I missed some of the events that occurred here Friday evening and Saturday morning. Friday evening, former Speaker of the Israeli Knesset Avraham Burg spoke as did Rev. Dr. Mitri Raheb, who our trip visited a month ago. Jeff Halper of the Israeli Committee Against House Demolitions spoke Saturday afternoon.

Saturday evening I sat through part of the elections of the new moderator, but as I was tired and the election lasted over four hours (and I did not have a vote), I did not stay for the whole thing.

On Sunday afternoon, after a wonderful worship service in the morning, the Middle East committee finally began its work. No sooner had they begun than a request from a commissioner was made to hear an opposing side to the Middle East Study Committee report that was to be presented. This request was out of order, but unfortunately the moderator did not recognize it as such. It also revealed from the very beginning that there would be some strong opposition on the committee to the resolutions I support. Eventually the committee decided to allow the Presbyterians for Middle East Peace to have 10 minutes to present a critique of the report, and then to let the Israel/Palestine Mission Network, of which I am a part, have a 10 minutes. This was a decent compromise, in my opinion, but really the whole process was out of order.

Earlier that morning, I have been to the breakfast sponsored by the Presbyterians for Middle East Peace. Three speakers critiqued the Middle East Study Committee's (MESC) report. I knew before going to the breakfast that I would not agree with the positions expressed at it, but I wanted to hear the other side's viewpoint. I was not surprised by what I heard. I don't agree with their critiques and their call for "balance" in a situation that is fundamentally unbalanced. They seemed to be saying "let's not be too critical of Israel because then they won't listen to us." One positive note about the breakfast, however, was that at least a quarter of the participants were from the Israel/Palestine Mission Network (IPMN), who like me, had come to hear the opposing side.

The IPMN is well organized and we are here in force. Indeed, it seems we outnumber the opposition. Sunday evening the IPMN hosted a dinner for the network at which 75 people showed up, the most that have ever been at a General Assembly. I have enjoyed meeting new people from the network and reconnecting with some older faces. It is good to know that we are not alone.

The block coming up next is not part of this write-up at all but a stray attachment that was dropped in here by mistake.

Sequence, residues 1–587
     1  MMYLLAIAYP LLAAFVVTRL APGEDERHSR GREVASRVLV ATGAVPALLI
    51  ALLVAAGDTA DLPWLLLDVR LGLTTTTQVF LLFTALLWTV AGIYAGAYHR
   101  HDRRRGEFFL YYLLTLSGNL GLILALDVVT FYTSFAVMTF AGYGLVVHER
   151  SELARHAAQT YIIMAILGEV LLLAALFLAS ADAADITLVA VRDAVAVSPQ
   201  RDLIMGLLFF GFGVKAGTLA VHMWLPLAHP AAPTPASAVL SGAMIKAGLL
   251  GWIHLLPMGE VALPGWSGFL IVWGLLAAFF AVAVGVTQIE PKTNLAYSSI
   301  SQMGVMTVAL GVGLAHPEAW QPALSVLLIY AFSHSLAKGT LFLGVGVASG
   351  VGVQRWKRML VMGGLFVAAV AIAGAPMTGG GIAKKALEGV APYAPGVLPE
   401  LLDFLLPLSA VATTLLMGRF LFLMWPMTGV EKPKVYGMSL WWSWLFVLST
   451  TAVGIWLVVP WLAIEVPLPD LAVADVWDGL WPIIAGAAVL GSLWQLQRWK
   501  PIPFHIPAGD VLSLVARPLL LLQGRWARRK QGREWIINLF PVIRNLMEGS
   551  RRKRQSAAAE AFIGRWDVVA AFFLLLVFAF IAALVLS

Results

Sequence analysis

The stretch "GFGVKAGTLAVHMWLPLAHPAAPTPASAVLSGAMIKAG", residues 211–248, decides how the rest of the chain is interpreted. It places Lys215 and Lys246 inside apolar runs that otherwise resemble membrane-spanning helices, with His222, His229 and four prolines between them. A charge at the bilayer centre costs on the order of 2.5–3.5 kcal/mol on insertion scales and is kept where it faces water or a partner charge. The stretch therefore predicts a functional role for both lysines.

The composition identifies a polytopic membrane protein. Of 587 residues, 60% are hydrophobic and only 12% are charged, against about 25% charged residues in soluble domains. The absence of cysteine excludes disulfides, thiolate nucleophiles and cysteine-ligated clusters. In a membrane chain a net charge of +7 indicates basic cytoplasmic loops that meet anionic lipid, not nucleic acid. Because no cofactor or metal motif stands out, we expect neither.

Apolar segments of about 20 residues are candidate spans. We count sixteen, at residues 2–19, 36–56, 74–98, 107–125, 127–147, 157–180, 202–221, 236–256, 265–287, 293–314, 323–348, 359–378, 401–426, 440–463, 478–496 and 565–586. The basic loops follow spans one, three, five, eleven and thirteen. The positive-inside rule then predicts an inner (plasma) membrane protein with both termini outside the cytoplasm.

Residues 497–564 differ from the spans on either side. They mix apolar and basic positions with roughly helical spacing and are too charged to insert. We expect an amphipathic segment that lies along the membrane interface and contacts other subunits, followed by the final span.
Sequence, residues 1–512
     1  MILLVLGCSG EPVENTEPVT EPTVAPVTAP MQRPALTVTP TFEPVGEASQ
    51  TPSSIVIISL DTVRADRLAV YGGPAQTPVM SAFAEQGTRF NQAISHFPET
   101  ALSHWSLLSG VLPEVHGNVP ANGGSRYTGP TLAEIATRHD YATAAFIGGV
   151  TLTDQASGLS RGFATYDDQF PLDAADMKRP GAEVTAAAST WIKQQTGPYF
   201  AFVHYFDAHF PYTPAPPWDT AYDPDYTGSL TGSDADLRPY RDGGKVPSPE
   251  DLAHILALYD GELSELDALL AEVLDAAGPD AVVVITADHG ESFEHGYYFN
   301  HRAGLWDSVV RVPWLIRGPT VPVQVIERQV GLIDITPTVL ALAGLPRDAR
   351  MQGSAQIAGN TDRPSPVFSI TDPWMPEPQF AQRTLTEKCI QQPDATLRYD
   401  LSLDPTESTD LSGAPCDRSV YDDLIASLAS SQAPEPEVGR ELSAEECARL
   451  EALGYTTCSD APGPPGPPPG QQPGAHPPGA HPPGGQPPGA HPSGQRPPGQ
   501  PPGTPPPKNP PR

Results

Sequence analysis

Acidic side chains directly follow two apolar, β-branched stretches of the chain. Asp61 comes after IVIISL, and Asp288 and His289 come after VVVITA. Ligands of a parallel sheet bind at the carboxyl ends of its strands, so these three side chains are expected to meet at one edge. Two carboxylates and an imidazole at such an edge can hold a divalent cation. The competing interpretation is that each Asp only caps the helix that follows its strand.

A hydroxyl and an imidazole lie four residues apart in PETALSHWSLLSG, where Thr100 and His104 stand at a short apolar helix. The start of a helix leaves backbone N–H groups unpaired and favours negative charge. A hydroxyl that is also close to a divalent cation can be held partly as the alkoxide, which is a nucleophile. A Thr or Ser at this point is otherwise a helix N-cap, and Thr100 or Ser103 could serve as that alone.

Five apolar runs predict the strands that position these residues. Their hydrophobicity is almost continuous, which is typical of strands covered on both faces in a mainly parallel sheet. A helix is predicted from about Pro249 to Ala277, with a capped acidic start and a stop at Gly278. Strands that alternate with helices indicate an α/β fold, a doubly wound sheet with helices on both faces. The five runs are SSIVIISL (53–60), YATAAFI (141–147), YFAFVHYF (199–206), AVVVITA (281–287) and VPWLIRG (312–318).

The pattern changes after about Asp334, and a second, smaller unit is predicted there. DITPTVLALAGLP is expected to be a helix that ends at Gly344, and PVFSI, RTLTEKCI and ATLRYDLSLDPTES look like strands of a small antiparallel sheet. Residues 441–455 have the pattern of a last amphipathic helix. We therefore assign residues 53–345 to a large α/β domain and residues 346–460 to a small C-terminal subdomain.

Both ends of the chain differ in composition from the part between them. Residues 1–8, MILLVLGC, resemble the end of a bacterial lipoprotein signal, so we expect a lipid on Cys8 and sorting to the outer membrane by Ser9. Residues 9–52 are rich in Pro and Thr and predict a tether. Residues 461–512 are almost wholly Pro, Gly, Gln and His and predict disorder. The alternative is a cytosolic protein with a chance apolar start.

Due to the frustrating difficulties with internet access, I am behind on this blog, and have not yet brought it up to the present. Hopefully I can do that soon.


Wednesday, June 30, 2010

B'tselem in Nicholas Kristof's NY Times Editorial

Check out Nicholas Kristof's article on the occupation. He references a tour with B'tselem, an Israeli human rights organization that we met with:

Tuesday, June 29, 2010

Craig's Sermon

On Fri, Jun 25, 2010 at 10:47 AM, Craig Hunter <> wrote:
Hi folks,

I am including my sermon in the text in this email, for those who were not able to open it. I am also attaching the two letters that concerning the PCUSA's Middle East Study Committee's report. If you know some ordained Presbyterian clergy who would be willing to sign the MESC defense letter, please let me know.

Our schedule for Saturday will be as follows: Start at 10 am with introductions (quickly), then move to a brief historical overview of the conflict. At about 11:15, I hope to show the movie "The Iron Wall." Then eat lunch. At about 1, invite the members of the trip to share their experiences with the peacemaking committee, and open it up for discussion, then strategize about what we want to do.


Here is the sermon:

Friends don't let friends drive drunk. I'm sure you've heard that expression before. If you are a friend to someone, you do what you can to prevent destructive behavior on their part. At the very least, you refrain from enabling them in their behavior -- you don't give them the keys.